In the car, wondering if I can drive. Winter is coming, the hoarfrost coats the few trees lining the parking lot, but the sun illuminates the next few minutes, the day yet to come, life as we know it melting in its weak light. Ev looks at me. She is crushed … And then she quietly says, “Couldn’t they have at least given us a goddamn pamphlet?”

Prior to his diagnosis, Kramer led a very active and full life, both personally and professionally: He took long bike rides with his wife, Ev; went on frequent overseas trips; and was the Dean of St. Thomas University. The nature of ALS would not allow him much time to wallow in despair about the monumental changes that were forthcoming; most sufferers pass away from complications three to five years after being diagnosed. Symptoms that were initially bothersome soon became major challenges.

It’s the unrelenting swiftness of ALS from which this book was born. Essentially, ALS puts the aging process into overdrive. As Kramer acknowledges, we all know that aging and death will come. Yet, most of us march into the future with only an abstract fear of death and, as Kramer puts it, “dis ease.” He uses the term dis ease to describe any difficult event that massively reshapes a person’s future:

Dis ease had always been with me, lying in depths of collective human need, illuminating life’s inevitable sharp edges, its dangerous borders, its precarious balance between good living and catastrophic existence. … Dis ease is true love, soaring in the stratosphere, yet plummeting to earth in betrayal unforeseen. Dis ease is the newborn child … vandalized by the reality of overwhelming disability. … There is not a person who does not know dis ease, boiling in the pit of their gut, on the tip of their tongue, in their muscle memory, in the discord between the life they know and the life they fear.

As Kramer sees it, dis ease need not be a physical ailment, per se, but a significant job loss, the death or illness of a loved one, or the end of an important relationship. His conceptualization of the phenomena that is dis ease is what drives the book — and what makes it much more than an autobiographical account of his experience with ALS. The book becomes, largely, a philosophical and thoughtful account of how Kramer was able to change his perception in an effort to find joy and meaning within the context of his new reality. It isn’t all joyfulness on his part, of course (“I’m no saint and I am pissed” he writes in a blog post); however, the book is laden with meaningful passages about his faith, his family, his friends, his physical experiences in a changing body (skydiving!), and most importantly, love.

 … I have sought to be engaged fully with life as I knew it. Now, it seems more important to engage with life as it is. I hope this means more time with loved ones, both friends and family; more evenings with Ev listening to the local classical station, drinking in each other’s presence and knowing full well it will never be enough; more yoga…more joyful loving visits with Hypatia and Athena, family meals … deep sleep at night … I hope this means more time to think, to listen, to perceive that in the silence is life and death and life again.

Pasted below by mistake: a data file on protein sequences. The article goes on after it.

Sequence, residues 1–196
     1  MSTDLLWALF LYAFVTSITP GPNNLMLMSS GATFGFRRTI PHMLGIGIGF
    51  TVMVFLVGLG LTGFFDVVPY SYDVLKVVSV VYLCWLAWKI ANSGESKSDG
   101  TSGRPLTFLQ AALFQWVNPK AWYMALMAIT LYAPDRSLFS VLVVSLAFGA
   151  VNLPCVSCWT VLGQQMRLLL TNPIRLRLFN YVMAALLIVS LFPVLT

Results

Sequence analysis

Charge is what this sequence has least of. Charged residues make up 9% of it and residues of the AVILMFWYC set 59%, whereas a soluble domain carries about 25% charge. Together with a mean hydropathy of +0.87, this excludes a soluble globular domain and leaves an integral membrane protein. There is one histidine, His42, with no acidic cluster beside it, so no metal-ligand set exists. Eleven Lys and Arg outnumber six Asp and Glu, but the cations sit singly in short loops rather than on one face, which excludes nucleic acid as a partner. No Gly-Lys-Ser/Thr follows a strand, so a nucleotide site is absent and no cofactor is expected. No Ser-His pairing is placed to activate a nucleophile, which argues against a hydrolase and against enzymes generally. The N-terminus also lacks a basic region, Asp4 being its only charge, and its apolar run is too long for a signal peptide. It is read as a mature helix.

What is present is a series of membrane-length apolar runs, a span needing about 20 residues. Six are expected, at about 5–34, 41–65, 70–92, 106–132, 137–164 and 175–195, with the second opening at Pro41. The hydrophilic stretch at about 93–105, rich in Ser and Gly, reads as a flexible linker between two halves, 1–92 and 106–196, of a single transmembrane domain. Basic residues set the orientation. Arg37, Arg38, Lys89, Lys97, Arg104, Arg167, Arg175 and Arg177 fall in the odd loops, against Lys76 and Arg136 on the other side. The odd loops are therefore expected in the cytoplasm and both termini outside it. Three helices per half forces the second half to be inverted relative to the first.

Kramer met MPR broadcast journalist Cathy Wurzer in 2008 for a radio piece on Kramer’s work with a local Indonesian gamelan group. They reconnected through mutual friends following his diagnosis, and MPR decided to do a recurring segment featuring Kramer and Wurzer discussing his life with ALS. The two developed a close friendship during the last several years of Kramer’s life. Wurzer prefaces each chapter with brief anecdotes or stories about the dis ease she was facing in her own life during the years she was interviewing Kramer (namely her father’s progressive dementia and eventual death from lymphoma). Her contributions run parallel to Kramer’s, and they provide a helpful framework for the rest of the book. She writes beautifully (“We know how this ends. It ends with sadness that is achingly beautiful and pure love for a life lived full and well.”), and the deep respect towards and connection she felt with Kramer is very apparent in her contributions.

We Know How This Ends is a beautiful book that is vastly more than a memoir about coping with disease. It’s a book about finding meaning and joy in life while being open to our dis ease, no matter the gravity of our external circumstances — because, as Kramer points out, our external circumstances will, at times, be grave. In the end, the lesson here is remarkably simple: we need to seek out ways to find love and peace, if not happiness, in our lives as they are — not as they “should be,” and certainly not as we assumed they would be — by being present, by being open, and by giving, accepting, and recognizing love.

Have you read a book lately that changed your perspective on how you live, or how you view your life? What was it about the book that you found so affecting?


*Cathy Wurzer and Bruce Kramer’s wife, Ev Emerson, will appear at the Har Mar Barnes & Noble on July 27 to discuss We Know How This Ends. Find event details here.


What We’re Reading: The Beautiful Unseen

2015 April 30
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22557363The Beautiful Unseen: Variations on Fog and Forgetting by Kyle Boelte (Soft Skull Press, 2015)